Amongst all the speculation, there is the occasional idea that carries some weight. One concept that has popped up several times in the last few months is the idea that Apple will kill the headphone jack. The diameter of this restricted the design of the MacBook that was released a few months ago: you need the port and that has a specific diameter, so everything devolves to that.
Writing on Business Insider, Alex Heath comments on the idea that the jack (and its port) are ripe for replacement, but that one of the downsides of Apple doing this would be the negative feedback. Every time a new port or design is brought out, many object to paying for the new technology. However, sound-buds come with the iPhone, and within a few weeks someone always comes out with a suitable connector: actually, a quick look on Google suggests these are already available.
Such a move to make better use of the Lighning port makes a lot of sense to me: the port is unused most of the time and is quite capable of handling the signal required. Indeed, as Heath points out, more than capable and could also handle the hi-res audio that Apple is expected to introduce later this year.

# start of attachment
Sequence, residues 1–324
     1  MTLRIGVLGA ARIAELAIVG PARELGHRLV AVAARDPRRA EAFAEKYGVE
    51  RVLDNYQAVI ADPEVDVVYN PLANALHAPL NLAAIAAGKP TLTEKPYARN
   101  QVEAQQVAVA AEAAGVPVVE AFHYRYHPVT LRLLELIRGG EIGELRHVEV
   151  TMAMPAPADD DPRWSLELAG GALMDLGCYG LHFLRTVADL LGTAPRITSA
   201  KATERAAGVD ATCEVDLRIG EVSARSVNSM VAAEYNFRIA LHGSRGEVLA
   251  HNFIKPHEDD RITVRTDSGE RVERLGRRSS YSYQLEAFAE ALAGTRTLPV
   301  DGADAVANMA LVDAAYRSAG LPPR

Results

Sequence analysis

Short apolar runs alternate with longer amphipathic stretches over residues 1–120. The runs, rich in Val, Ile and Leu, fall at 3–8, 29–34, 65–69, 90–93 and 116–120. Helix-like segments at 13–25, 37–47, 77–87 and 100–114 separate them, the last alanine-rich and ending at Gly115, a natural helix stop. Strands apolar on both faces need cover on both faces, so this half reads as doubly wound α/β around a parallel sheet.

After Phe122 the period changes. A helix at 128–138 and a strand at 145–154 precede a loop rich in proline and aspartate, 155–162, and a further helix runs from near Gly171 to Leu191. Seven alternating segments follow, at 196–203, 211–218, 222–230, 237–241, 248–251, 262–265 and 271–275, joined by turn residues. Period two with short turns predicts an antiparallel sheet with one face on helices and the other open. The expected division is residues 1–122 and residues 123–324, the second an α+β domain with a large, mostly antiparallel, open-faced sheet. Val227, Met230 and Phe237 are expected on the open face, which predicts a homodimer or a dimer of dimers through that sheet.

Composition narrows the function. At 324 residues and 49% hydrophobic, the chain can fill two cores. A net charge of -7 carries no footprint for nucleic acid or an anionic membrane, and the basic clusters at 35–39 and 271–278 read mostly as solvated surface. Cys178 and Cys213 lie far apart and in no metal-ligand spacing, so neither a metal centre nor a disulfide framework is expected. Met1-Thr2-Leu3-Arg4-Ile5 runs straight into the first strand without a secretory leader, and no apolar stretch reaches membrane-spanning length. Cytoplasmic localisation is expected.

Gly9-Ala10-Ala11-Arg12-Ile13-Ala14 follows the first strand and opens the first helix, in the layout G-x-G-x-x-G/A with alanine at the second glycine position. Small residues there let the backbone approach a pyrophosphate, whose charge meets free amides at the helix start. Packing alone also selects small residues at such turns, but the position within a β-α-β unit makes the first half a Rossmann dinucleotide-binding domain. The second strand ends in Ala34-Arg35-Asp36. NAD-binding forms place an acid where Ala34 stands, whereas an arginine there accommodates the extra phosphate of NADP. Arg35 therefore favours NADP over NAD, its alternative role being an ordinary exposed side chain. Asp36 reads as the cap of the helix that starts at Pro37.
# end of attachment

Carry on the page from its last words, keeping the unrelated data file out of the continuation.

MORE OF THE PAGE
There are already several sources pre-criticising the move.
Forbes thinks Apple will buy Tesla (Aaron Task), and another article I saw on Forbes (Don Reisinger) listed companies that Apple could buy. With the cash hoard, Apple could buy a lot; but probably won't, just picking up certain ones with valuable technology.
I have remarked before how Redmond is moving more and more to producing apps for smartphones (it is a software company after all) and that embracing rather than denying is in its interests. Nadella is aware of this and the way that services - giving a flow of income - are also far better for the long-term health of Microsoft, making the device, per se of lesser importance.
I will go along with that in part, but the best results are when device and software are sympatico, something that is in my mind right now with trying to set up a Seagate WiFi hard disk for my Macs and iOS devices. Part 1 will be in the Bangkok Post this Wednesday. I am not a happy user right now.
Many of the users switched to Adobe Premiere Pro although I do know that Associated Press has all their producers still using Final Cut, even if the Macs are overdue an update. In the meantime, Apple has been adding features back into Final Cut. This week, we read that Marques Brownlee (or MKBHD) - a professional user of YouTube with more than 3,000,000 subscribers has switched from the Adobe suite to Final Cut Pro. Jeff Benjamin on iDownload Blog has the details, but one of the main reasons is that "Final Cut Pro X results in quicker turnaround time." My source for this was MacDaily News.
Graham K. Rogers teaches at the Faculty of Engineering, Mahidol University in Thailand. He wrote in the Bangkok Post, Database supplement on IT subjects. For the last seven years of Database he wrote a column on Apple and Macs. He is now continuing that in the Bangkok Post supplement, Life.